Liberals are well served by the Conservative Party. For the moment. The liberal parliamentarians, policymakers and activists within it must keep fighting. For a brighter future for the Conservatives lies not in being a refuge for those angry and disappointed with change, but as a home for hopeful younger generations who increasingly identify as liberals.

Ryan Shorthouse is the Director of Bright Blue, a think tank for liberal conservativism 

Ryan Shorthouse is the Director of Bright Blue, a think tank for liberal conservativism 

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What happens when a president refuses to step down?

An approaching constitutional crisis has triggered deep political unrest in the Congo.

Franck Diongo reached his party’s headquarters shortly after 10am and stepped out of a Range Rover. Staff and hangers-on rose from plastic chairs to greet the president of the Mouvement Lumumbiste Progressiste (MLP), named after the first elected leader of the Democratic Republic of Congo.

Diongo, a compact and powerfully built man, was so tightly wound that his teeth ground as he talked. When agitated, he slammed his palms on the table and his speech became shrill. “We live under a dictatorial regime, so it used the security forces to kill us with live rounds to prevent our demonstration,” he said.

The MLP is part of a coalition of opposition parties known as the Rassemblement. Its aim is to ensure that the Congolese president, Joseph Kabila, who has been president since 2001, leaves office on 19 December, at the end of his second and supposedly final term.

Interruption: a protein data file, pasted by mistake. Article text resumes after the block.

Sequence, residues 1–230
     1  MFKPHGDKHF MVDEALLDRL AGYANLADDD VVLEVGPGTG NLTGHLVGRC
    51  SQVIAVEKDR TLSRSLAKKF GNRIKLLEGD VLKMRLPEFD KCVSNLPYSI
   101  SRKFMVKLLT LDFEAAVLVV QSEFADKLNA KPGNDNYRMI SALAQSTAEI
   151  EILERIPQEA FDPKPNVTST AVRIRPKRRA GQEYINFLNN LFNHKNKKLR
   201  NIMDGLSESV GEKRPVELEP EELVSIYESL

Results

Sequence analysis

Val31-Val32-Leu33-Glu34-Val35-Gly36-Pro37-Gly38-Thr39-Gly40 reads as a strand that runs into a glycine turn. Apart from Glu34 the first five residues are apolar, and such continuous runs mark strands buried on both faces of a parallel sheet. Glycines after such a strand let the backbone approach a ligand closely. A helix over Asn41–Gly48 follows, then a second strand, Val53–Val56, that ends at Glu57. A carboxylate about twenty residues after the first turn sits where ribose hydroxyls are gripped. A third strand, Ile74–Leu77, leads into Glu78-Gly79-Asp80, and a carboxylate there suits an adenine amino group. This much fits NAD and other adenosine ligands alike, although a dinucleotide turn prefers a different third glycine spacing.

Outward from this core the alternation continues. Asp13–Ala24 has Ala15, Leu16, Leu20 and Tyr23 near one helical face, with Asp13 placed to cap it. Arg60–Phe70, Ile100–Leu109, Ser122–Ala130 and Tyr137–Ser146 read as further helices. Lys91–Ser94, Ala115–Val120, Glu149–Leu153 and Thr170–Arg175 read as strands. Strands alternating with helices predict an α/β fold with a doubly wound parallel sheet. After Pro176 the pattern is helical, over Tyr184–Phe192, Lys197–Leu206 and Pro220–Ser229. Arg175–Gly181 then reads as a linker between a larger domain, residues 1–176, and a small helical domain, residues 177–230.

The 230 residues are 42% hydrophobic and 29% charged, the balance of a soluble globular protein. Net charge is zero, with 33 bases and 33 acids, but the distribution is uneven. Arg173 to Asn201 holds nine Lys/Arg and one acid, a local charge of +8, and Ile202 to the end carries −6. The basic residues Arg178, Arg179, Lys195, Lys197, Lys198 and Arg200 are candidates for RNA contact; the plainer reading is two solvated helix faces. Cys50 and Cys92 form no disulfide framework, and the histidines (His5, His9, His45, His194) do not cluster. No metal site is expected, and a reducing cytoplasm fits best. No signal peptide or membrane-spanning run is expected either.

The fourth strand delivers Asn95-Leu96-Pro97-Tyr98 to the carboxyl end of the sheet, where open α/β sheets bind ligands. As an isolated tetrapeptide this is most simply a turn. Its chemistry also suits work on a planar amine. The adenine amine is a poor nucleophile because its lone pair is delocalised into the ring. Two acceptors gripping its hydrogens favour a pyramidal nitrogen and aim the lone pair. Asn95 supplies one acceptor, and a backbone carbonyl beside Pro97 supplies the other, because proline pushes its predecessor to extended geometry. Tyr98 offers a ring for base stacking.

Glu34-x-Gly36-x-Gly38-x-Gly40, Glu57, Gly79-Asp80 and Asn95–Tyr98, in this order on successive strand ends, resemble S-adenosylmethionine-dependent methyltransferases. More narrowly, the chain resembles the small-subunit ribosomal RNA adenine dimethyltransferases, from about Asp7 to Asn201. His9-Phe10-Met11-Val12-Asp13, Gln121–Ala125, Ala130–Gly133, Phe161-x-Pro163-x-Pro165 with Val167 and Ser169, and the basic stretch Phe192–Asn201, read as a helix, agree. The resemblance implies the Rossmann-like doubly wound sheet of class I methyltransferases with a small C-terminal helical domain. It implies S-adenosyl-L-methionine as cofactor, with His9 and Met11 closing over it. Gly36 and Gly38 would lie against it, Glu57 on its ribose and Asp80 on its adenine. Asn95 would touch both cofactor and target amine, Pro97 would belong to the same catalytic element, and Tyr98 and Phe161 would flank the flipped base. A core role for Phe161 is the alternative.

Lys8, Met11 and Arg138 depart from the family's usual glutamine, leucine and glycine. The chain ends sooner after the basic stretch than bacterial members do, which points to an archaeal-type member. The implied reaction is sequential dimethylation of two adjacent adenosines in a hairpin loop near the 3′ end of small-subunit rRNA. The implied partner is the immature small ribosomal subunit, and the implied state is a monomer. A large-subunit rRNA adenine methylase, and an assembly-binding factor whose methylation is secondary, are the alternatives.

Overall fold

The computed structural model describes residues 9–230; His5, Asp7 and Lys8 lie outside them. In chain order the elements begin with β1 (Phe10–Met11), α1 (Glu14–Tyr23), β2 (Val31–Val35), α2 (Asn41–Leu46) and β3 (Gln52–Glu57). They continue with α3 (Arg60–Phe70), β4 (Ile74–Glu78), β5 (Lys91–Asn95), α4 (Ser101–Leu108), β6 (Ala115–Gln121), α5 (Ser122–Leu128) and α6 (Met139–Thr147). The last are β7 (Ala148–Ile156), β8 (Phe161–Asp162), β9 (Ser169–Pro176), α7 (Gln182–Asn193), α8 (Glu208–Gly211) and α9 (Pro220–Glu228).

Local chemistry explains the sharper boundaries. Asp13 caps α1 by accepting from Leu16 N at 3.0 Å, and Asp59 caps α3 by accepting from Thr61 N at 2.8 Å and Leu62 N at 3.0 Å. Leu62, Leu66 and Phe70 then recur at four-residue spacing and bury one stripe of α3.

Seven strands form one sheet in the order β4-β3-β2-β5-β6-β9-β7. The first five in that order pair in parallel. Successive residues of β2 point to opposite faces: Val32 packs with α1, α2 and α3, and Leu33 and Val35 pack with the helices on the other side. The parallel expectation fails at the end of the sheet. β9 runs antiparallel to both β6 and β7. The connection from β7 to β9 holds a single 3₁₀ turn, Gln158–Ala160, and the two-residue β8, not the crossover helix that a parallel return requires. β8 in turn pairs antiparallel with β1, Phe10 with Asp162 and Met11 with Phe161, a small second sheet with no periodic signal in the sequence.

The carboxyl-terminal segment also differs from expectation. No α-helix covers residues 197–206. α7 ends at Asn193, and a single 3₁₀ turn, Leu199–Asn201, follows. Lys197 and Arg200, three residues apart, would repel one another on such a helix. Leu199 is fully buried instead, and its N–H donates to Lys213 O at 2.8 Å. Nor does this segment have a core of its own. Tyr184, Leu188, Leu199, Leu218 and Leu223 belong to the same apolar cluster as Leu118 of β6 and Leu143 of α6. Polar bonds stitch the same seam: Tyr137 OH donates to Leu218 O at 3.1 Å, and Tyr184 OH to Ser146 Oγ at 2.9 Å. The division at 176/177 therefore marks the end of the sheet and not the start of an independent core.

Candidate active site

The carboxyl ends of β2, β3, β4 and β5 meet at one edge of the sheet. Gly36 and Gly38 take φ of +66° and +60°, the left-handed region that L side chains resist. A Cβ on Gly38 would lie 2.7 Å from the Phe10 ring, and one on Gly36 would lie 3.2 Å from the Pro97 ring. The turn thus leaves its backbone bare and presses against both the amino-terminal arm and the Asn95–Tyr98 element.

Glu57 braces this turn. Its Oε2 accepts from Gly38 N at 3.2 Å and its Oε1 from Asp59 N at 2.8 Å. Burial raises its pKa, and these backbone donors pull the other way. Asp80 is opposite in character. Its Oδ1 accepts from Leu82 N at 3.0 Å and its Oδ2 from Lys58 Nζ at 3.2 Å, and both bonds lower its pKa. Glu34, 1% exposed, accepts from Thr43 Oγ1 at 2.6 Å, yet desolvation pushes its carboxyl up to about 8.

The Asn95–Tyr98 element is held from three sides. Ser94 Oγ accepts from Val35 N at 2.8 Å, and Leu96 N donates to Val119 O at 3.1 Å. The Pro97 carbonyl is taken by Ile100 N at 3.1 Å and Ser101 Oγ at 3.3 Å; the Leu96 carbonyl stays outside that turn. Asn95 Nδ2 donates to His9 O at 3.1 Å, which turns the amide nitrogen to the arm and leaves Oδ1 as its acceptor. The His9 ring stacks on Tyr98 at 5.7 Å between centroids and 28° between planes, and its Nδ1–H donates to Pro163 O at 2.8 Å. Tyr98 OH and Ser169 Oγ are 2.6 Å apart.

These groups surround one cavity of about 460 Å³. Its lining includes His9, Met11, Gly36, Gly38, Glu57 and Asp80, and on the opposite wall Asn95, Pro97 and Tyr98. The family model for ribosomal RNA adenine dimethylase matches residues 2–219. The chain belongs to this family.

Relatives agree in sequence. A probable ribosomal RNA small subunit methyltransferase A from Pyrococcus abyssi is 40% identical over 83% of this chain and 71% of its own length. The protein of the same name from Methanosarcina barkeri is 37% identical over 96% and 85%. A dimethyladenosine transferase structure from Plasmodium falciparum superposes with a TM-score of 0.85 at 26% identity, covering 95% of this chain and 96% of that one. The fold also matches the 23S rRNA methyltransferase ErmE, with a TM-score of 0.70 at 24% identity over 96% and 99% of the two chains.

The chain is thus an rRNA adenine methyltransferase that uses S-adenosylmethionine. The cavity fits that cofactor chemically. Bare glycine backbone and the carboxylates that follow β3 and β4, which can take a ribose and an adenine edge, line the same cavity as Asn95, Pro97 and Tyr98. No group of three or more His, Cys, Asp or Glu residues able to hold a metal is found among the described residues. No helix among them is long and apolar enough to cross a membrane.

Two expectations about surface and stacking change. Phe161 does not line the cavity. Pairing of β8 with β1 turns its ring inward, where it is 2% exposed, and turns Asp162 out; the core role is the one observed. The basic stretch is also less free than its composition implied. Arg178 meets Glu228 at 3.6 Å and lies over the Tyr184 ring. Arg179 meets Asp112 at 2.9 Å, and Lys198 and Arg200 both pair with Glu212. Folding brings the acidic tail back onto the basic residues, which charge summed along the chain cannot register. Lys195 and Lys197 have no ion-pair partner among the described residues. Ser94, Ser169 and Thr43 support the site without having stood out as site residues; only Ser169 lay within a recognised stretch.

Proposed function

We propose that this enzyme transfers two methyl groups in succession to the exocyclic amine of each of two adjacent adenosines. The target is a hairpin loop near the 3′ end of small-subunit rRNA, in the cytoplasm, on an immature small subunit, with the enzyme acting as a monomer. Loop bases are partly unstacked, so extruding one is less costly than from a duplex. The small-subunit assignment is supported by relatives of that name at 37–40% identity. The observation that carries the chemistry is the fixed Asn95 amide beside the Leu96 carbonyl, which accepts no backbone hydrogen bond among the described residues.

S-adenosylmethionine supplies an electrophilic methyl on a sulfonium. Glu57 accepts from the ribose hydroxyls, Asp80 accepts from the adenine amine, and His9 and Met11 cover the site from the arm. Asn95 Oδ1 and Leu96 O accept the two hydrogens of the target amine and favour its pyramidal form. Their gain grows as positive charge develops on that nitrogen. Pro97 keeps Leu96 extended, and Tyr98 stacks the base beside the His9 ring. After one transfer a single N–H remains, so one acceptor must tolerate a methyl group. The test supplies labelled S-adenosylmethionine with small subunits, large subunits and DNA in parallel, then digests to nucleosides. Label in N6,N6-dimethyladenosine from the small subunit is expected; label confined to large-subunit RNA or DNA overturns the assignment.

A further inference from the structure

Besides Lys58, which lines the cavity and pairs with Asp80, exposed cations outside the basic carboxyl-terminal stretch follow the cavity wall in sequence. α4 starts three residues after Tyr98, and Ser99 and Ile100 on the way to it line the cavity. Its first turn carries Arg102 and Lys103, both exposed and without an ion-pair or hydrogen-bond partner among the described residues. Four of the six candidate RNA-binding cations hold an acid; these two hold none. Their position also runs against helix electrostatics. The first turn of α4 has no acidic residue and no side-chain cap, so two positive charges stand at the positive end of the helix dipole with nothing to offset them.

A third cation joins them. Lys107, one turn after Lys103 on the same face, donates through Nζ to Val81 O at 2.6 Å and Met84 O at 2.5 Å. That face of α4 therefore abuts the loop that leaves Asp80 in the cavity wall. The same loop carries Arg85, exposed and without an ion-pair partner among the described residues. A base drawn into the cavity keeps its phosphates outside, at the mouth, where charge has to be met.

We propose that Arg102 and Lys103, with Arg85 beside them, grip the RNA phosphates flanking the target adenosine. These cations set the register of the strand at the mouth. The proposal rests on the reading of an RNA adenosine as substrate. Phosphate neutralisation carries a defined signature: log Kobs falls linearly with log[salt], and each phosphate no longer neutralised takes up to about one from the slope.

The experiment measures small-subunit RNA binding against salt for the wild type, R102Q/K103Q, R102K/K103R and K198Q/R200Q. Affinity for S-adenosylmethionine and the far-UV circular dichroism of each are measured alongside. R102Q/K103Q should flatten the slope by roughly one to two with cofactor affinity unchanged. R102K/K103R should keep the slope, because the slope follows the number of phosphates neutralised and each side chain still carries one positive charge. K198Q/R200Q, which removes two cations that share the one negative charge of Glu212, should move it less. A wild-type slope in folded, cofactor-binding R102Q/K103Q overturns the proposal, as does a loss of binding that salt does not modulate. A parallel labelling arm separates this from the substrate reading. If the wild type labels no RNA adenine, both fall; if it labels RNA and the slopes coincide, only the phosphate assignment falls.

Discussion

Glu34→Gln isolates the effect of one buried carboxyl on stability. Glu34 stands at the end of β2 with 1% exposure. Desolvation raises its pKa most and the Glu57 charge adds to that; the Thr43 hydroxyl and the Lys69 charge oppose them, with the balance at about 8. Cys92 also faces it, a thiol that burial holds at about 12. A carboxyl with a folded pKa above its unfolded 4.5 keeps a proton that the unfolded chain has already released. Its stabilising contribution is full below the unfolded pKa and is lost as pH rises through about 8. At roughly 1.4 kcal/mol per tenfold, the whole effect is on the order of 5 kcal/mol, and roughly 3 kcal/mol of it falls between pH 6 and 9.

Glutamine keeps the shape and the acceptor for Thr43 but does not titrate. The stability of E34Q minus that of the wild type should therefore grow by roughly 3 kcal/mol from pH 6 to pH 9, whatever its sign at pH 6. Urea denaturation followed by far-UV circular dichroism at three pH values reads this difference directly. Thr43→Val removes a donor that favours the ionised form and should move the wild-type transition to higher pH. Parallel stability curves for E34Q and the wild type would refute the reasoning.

Yet the elections that were meant to take place late last month have not been organised. The government has blamed logistical and financial difficulties, but Kabila’s opponents claim that the president has hamstrung the electoral commission in the hope that he can use his extended mandate to change the rules. “Mr Kabila doesn’t want to quit power,” said Diongo, expressing a widespread belief here.

On 19 September, the Rassemblement planned a march in Kinshasa, the capital, to protest the failure to deliver elections and to remind the president that his departure from office was imminent. But the demonstration never took place. At sunrise, clashes broke out between police and protesters in opposition strongholds. The military was deployed. By the time peace was restored 36 hours later, dozens had died. Kabila’s interior minister, claiming that the government had faced down an insurrection, acknowledged the deaths of 32 people but said that they were killed by criminals during looting.